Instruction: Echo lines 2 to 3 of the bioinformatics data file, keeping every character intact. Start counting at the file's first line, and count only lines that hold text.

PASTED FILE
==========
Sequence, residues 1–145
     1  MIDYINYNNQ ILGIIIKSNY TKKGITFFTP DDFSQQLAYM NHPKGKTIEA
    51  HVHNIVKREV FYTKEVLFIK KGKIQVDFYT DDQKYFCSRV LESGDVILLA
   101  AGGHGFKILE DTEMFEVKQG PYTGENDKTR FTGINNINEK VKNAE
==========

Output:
     1  MIDYINYNNQ ILGIIIKSNY TKKGITFFTP DDFSQQLAYM NHPKGKTIEA
    51  HVHNIVKREV FYTKEVLFIK KGKIQVDFYT DDQKYFCSRV LESGDVILLA